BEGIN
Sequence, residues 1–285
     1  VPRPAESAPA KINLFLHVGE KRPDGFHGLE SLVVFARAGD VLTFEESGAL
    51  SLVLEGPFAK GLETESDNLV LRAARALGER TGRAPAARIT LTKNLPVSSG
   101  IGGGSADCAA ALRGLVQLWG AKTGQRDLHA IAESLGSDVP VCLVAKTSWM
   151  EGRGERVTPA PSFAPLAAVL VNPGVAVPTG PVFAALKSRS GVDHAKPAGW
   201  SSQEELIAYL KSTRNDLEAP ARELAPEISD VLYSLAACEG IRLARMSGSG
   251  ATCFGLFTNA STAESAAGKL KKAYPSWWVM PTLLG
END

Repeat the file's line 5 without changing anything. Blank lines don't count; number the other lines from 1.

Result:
   151  EGRGERVTPA PSFAPLAAVL VNPGVAVPTG PVFAALKSRS GVDHAKPAGW